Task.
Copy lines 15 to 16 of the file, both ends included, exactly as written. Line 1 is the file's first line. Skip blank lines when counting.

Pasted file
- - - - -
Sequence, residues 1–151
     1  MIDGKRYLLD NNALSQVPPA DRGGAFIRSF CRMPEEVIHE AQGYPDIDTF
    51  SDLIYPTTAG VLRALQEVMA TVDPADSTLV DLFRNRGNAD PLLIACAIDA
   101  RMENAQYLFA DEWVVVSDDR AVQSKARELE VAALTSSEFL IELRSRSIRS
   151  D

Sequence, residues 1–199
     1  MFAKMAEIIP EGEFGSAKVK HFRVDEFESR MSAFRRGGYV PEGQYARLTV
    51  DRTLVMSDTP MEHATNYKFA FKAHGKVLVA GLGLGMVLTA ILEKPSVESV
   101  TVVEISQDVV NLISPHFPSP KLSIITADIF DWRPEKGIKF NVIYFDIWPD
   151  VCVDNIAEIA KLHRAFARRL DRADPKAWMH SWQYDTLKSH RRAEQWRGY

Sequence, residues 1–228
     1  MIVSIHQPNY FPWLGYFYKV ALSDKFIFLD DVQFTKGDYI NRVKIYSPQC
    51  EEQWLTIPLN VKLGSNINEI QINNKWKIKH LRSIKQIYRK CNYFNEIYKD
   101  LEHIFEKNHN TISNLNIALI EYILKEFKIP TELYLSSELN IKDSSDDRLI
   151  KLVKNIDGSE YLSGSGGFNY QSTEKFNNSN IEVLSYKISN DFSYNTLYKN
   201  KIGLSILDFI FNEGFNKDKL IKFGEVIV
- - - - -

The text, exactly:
   151  KLVKNIDGSE YLSGSGGFNY QSTEKFNNSN IEVLSYKISN DFSYNTLYKN
   201  KIGLSILDFI FNEGFNKDKL IKFGEVIV